Privacy and Regulatory Innovation: Moving Beyond Voluntary Codes

Privacy and Security

Article Snapshot

Author(s)

Ira Rubinstein

Source

I/S: A Journal of Law and Policy for the Information Society, Vol. 63, pp. 356, 2011

Summary

This article argues that a co-regulatory approach to privacy provides an effective and flexible policy instrument.

Policy Relevance

Both government regulation and industry self-regulation suffer from various shortcomings when it comes to online privacy. A co-regulatory approach implementing elements of both government and industry self-regulation is needed.

Main Points

  • Co-regulation allows the government to retain oversight authority while providing industry considerable flexibility in shaping self-regulatory guidelines.

  • A normative framework for evaluating the effectiveness of co-regulatory programs consists of six elements:
    • efficiency,
    • openness and transparency,
    • completeness,
    • strategies to address free rider problems,
    • oversight, and
    • use of second-generation design features.

  • Co-regulation tends to be cooperative, rely on firms or other intermediaries to perform government functions, produce less rigid guidelines, generate more commitment to the regulation by the regulated firms, and shift the role of government from enforcement to providing incentives.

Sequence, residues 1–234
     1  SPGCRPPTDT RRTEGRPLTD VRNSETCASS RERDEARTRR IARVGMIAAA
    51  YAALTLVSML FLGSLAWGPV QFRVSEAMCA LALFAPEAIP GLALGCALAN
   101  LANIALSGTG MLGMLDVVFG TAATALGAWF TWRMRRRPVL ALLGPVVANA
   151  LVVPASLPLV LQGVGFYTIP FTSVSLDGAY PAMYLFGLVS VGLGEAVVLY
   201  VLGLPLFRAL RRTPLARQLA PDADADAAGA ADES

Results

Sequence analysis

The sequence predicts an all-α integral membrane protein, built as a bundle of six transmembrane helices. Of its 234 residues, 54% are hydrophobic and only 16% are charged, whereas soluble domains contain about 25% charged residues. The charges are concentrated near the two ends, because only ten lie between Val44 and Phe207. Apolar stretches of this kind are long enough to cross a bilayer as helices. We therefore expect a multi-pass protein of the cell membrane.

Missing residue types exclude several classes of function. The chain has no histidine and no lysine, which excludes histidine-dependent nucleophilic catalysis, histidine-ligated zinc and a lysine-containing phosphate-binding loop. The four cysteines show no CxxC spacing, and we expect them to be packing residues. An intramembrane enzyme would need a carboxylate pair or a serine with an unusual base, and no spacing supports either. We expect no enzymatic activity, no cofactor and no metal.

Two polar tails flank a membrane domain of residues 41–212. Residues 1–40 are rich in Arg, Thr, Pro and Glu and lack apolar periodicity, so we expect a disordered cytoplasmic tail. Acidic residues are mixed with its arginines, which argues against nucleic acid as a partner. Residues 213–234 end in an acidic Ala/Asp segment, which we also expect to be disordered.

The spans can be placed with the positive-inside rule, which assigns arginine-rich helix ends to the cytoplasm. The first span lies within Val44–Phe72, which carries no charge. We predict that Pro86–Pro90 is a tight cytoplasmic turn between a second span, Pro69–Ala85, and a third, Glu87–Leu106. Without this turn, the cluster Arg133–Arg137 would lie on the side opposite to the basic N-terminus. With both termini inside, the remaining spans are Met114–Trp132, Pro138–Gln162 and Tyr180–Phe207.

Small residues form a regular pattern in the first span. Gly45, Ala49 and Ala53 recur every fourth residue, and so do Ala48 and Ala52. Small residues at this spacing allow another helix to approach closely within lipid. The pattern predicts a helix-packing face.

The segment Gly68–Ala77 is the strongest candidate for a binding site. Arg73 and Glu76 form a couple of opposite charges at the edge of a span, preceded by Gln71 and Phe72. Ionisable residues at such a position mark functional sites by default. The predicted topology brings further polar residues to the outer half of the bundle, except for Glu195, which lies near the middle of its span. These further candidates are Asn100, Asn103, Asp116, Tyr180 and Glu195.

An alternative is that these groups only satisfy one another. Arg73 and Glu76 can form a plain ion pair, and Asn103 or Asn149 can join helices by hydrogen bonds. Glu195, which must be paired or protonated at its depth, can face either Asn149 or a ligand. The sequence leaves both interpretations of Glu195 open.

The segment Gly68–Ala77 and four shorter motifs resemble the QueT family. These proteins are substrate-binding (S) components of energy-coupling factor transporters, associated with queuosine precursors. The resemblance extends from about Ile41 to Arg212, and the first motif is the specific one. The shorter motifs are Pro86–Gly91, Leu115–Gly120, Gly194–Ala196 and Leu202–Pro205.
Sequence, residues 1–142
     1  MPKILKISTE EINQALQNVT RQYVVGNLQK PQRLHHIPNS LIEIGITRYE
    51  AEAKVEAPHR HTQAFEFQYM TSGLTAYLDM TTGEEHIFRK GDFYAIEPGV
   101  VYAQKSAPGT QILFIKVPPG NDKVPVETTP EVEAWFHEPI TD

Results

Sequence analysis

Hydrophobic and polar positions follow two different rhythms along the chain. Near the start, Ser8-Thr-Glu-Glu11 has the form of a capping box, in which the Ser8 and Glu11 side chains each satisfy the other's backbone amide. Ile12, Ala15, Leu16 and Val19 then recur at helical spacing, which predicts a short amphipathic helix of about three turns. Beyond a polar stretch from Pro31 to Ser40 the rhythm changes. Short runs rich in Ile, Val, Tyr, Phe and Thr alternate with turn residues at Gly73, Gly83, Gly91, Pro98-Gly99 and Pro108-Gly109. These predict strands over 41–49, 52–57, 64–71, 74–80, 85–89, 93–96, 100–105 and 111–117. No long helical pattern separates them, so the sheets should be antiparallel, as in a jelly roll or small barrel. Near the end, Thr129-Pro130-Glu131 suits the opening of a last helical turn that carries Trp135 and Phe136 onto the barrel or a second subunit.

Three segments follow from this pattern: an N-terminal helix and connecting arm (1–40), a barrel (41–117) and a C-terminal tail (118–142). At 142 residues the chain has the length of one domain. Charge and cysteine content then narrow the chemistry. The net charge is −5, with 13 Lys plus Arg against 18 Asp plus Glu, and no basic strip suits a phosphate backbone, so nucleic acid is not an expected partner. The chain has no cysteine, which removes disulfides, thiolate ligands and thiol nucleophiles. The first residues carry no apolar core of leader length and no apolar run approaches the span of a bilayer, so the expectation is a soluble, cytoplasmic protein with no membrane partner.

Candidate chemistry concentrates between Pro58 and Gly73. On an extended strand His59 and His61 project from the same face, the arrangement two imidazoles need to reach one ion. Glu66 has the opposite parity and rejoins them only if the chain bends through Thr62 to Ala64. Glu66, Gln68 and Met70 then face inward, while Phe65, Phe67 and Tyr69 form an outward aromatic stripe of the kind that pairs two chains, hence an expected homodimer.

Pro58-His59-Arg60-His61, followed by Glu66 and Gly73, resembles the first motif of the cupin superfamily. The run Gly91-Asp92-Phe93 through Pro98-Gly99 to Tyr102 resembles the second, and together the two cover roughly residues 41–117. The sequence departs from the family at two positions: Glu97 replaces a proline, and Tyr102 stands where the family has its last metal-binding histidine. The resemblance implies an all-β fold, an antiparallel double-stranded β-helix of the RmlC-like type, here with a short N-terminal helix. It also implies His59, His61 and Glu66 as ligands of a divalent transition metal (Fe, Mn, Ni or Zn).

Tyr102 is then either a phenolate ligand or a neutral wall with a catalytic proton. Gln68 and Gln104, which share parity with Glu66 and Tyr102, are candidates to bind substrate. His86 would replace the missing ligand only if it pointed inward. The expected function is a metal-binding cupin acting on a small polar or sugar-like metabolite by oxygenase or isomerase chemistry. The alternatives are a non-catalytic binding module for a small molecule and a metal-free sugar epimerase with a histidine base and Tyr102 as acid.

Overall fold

• Recommendations to Congress as it considers privacy legislation include:
    • Establishing safe harbor programs in which government and industry would collaborate on the drafting of regulatory rules.
    • Authorizing the FTC to negotiate agreements with firms modifying or relaxing Fair Information Practices in exchange for enforceable promises to achieve better results in one or more areas covered by the legislation.
    • Encouraging the FTC to support non-governmental efforts to develop appropriate measures of privacy performance.

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